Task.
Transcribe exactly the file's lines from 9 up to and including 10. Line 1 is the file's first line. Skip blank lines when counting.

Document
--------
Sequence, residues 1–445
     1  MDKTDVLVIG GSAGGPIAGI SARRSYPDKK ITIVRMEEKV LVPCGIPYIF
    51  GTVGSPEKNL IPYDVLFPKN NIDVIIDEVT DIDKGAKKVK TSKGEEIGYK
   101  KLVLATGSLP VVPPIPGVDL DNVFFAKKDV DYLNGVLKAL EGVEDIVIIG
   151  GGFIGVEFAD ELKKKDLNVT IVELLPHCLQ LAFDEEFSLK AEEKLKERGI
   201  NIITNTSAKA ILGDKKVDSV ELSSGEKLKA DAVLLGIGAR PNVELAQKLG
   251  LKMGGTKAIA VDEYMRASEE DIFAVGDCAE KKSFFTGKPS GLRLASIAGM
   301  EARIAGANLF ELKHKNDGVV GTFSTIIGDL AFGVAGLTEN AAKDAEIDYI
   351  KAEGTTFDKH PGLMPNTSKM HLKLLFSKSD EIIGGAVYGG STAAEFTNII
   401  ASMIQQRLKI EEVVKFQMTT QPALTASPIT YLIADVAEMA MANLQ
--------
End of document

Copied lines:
   351  KAEGTTFDKH PGLMPNTSKM HLKLLFSKSD EIIGGAVYGG STAAEFTNII
   401  ASMIQQRLKI EEVVKFQMTT QPALTASPIT YLIADVAEMA MANLQ